AAR to STB: No “quick fix” to service issues

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Written by

Marybeth Luczak, Editor-in-Chief

“Class I railroads recognize that their recent service performance has not met the expectations of many customers,” the Association of American Railroads (AAR) wrote in a May 18 filing to the Surface Transportation Board (STB ). But while the STB’s May 5 decision to publish updated and more comprehensive rules for reporting performance and employment metrics “reflects an understandable desire for quick action”, it has “not been published. in a vacuum,” AAR said.

The STB’s eight-part regulations, which primarily affect the “Big 4” – BNSF, CSX, Norfolk Southern and Union Pacific – include the filing of service recovery plans by May 20, followed by frequent progress reports and bi-weekly conference calls with STB staff.

“The Board is requiring service restoration plans and progress reports from the four largest U.S. rail carriers and directing those carriers to participate in bi-weekly conference calls to further explain efforts to correct service deficiencies,” it said. summed up the STB in announcing its May 5 ruling, which came just over a week after its April 26-27 hearing on “Urgent Issues in Freight Rail Service.” “The Board also requires all Class I rail carriers to report more comprehensive, customer-focused performance metrics and employment data for a six-month period. In response to concerns raised during the recent hearing and related submissions, the Board is taking this action to inform its assessment of what additional measures may be warranted to address the acute service issues facing the rail industry and to promote transparency. , accountability, and improving rail service.

Photo by Larry Gross, Gross Transportation Consulting (www.intermodalindepth.com)

“AAR members also respect and share the Board’s desire to quickly remedy the situation,” wrote AAR attorney J. Frederick Miller Jr. in the association’s May 18 filing (do scroll to download). “In fact, several Class I railroads had voluntarily begun providing the Board with relevant information prior to the Board’s decision. It is this respect that drives AAR Class I Railroad members to comply with the ruling as best they can within this shortened reporting deadline despite the legal concerns that drive this letter.

But he explained that “[a]s the Commission repeatedly acknowledges that there are other ongoing procedures – including first mile/last mile service (EP 767) and revisions to regulations for expedited relief for service emergencies (EP 762) – which are also focused on the provision of data relating to the service or for which this data is relevant. Indeed, the ongoing FMLM proceeding presents the specific questions of whether certain data that the Commission orders to be produced now – on an expedited and temporary basis without notice or comment and other regulatory procedures and protections – are relevant, reliable, appropriate and within the scope of the Commission’s power to order on a permanent basis. … The important procedural protections and substantive analyzes required in regulatory proceedings must not be circumvented or rendered moot by the Commission’s decision in this case, or by the railways’ voluntary compliance with the decision.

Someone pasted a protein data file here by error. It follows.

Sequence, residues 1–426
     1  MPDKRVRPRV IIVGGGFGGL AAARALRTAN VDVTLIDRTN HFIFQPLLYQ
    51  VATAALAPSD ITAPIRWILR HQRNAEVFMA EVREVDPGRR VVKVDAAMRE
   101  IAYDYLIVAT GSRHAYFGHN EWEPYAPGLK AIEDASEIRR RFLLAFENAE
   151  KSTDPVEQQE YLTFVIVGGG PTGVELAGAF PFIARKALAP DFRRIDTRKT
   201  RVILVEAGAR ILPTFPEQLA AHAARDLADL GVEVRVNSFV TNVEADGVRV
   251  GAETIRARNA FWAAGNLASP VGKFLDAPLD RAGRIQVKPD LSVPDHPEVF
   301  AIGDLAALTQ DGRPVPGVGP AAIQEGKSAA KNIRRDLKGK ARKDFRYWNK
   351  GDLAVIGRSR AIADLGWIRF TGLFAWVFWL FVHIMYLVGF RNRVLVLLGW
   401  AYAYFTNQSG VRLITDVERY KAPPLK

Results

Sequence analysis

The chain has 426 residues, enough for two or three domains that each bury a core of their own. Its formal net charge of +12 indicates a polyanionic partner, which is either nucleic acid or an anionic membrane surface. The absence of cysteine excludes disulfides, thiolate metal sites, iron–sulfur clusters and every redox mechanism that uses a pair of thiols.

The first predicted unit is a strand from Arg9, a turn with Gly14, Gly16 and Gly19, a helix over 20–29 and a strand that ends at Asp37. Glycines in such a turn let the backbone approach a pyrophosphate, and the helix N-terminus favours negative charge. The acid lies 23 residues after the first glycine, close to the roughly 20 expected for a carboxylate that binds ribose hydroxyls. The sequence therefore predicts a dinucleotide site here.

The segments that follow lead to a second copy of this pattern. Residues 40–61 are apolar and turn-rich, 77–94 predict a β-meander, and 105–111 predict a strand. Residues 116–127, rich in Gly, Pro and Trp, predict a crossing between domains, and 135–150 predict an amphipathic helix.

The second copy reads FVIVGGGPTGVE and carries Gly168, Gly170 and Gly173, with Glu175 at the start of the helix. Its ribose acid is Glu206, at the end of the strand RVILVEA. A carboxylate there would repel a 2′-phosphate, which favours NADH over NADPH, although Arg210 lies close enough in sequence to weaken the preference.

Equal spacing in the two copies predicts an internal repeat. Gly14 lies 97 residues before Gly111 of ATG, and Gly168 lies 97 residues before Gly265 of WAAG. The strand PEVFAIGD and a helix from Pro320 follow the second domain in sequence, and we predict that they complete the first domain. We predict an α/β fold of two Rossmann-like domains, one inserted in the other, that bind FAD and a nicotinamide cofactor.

He pointed out as an example that “there is no explanation from the Commission as to how specific requested pieces of information will help it monitor current service challenges. Nor is there an explanation of why the Commission’s current stringent service reporting rules are insufficient for its purposes. Without notice or comment, stakeholders were not given the opportunity to help tailor the data to be collected to the Council’s needs given the current circumstances in the United States. Stakeholders also could not guarantee that the Council ordered the publication of information that would be useful to it and that would not confuse or mislead the public.

Moreover, he wrote that the STB’s decision “contains no analysis or consideration for the charges it imposes. As a general rule, government data collections should be subject to Red Tape Reduction Act analysis and should also contain cost-benefit analysis, whether formal or informal, both of which contribute ensure the need for collection, while taking into account the burdens on regulated entities. Although the Office does not yet carry out cost-benefit analyses, as part of the FMLM procedure the Office has rightly requested information to weigh the costs and burdens of the very publication of the data ordered here . While this decision and the burdens it imposes are time-limited, the decision threatens, but certainly should not, overrule the cost-benefit analysis that the Commission has indicated it will conduct as part of the FMLM procedure. »

Miller summarized that “Class I Railroads appreciate the urgency of the service issues many customers are experiencing and respect the Board’s efforts to respond and assist. As the Council has recognized, this is a complex situation and not a “quick fix”. Despite their deep concern about the adequacy, usefulness and potential misuse of some of the information the Commission has ordered produced, the railways will do their best to comply while continuing to restore service to that customers deserve.

Download the May 18 AAR filing below:

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